The average 30-year fixed-rate mortgage hit record lows 16 times in 2020. Then in January 2021, we saw another record low of 2.65%, the lowest level in its nearly 50-year history. As the FED has tried to reduce inflation, we saw interest rates double in six months. They have recently begun to recede, as the FED has stated it will pause on rate hikes, and possibly lower rates throughout the year. Mid-January 2024 the rates are above 6%.
Just to put this in perspective…Only five years ago rates were 4.5%. In the 80’s rates were in the double digits (as high as 16%!), going as high as 18%. In the 90’s rates bumped up and down between 7% and 9.5%. (our first mortgage was 8%!) During the 2000’s we saw 5% and 6% regularly, and we thought it was incredibly low! Some said even too low, fueling the wrong kind of investment. The last decade saw many record lows as rates hovered around 4% for most of the decade.
To understand the impact of interest rates on affordability, read this handy chart: Interest Rates and Home Affordability.
For income, NAHB uses the annual median family income estimates published by the Department of Housing and Urban Development. They use the figure of 28% of gross income as an average amount that homebuyers can afford to spend on housing.
Divide the 28% of average income by 12 to come up with a monthly amount allowable for a mortgage. This is a much more conservative percentage than most lenders use.
Keep in mind that the FHA guideline maximum debt-to-income ratio is 56.9% with compensating factors. Lenders can, and most lenders will limit maximum debt-to-income to under 55% and some lenders to 45%.
So, affordability calculations are much more conservative than reality. We can truthfully estimate that housing affordability is higher than the HOI reports.
Rent vs buy – explaining housing affordability in Frederick Md
When explaining housing affordability, remember that local markets are different. While the National Affordability Index is at 37.4%, which gives us a view of the way housing costs are trending, that’s not helpful to anyone asking about affordability in their particular location… local markets vary.
Washington DC, NVA, MD HOI
Frederick is considered a sub-market of Washington D.C., yet much more affordable. Washington D.C. has an affordability index of 42.6%. The median family (of 4) income for the area is $$150,000 (according to HUD) the median home price is $555,000. As we move out from Washington D.C., home values decrease, like concentric circles.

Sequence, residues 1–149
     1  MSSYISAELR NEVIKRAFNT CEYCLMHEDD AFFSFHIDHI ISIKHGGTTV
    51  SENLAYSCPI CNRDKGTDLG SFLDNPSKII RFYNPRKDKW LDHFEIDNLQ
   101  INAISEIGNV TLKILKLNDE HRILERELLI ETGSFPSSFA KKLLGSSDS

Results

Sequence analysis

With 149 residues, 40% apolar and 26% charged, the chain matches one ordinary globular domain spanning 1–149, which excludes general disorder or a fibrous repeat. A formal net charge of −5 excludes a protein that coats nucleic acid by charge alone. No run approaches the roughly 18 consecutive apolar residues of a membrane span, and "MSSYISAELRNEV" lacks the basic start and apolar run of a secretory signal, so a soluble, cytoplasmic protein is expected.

Frederick MD HOI
The median income for Frederick Md households is $106,000, according to DataUSA, which uses a broad group of sources, and the median home price in Frederick is roughly $480,000. (DataUSA is incorrect on this statistic).
Without an exact number, we can see that the affordability index for Frederick is higher than Washington D.C., Rockville, and Bethesda, primarily because of home values.
Hagerstown-Martinsburg MD-WV HOI is 56.3%. The median home price is $285,000; the household income is $90,700.
Incidentally, Cumberland Maryland is the most affordable area, where 93.7% of households (with an average income of $89,900) can afford the median-priced home of $125,000.
Rent Vs. Buy in Frederick MD – Some History
Buying a home is not for everyone all the time; sometimes it’s a good idea for a particular time, sometimes it’s a good idea to wait, and sometimes people shouldn’t buy a home. Whether to rent or buy a home is a personal choice, based on a lot of variables. Sometimes it involves more than just numbers.
Here are some facts and statistics to help you decide when it’s the right time to buy or rent.
Home values were declining from 2006 until the summer of 2012. The first 2 years of decline in home prices were in the double digits, but the next 2 years slowed to less than a 5% decline. Then we saw the leveling off of home values here in Frederick County, and since 2014, we’re experiencing increases in the area. Homes above $600K are increasing at a (slightly) slower pace…(but they have been catching up!) than homes priced under $400K.
The Case for Building Equity Over Time
Let’s dissect the financial side:
At first glance, it looks like renting is cheaper than buying in some areas of the country. The median rent in Frederick, MD is $2,180. This is $180 more than the national median. [Zillow]
The median monthly mortgage payment on a median-priced home of $480,000 is $2,863, which includes taxes and mortgage insurance, assuming a minimum 3.5% down payment.
But consider what you are getting for that payment. If you are renting, you are getting a 2 or 3-bedroom apartment. If you buy, most likely you’ve bought a 3-bedroom townhouse or possibly a small single-family home outside of the city.
This is where the lifestyle choice comes in. Compare what you are getting in a 2 or 3-bedroom apartment with the lifestyle you would have in a 2 or 3-bedroom townhouse.
Incidentally, home ownership in Frederick County is 76%.
Buying Means Staying
Buying a home can be cheaper than renting… if you plan to stay in the home for 5 years in most NORMAL real estate markets, with 3% yearly appreciation. Calculating the costs of ownership, down payment costs, property tax, maintenance, as well as monthly mortgage, it takes about 5 years in most markets to break even if you amortize these costs over the years.
Consider these facts:
- Home values are expected to increase 4-5% annually over the next few years. This is a conservative number, and no one has a crystal ball.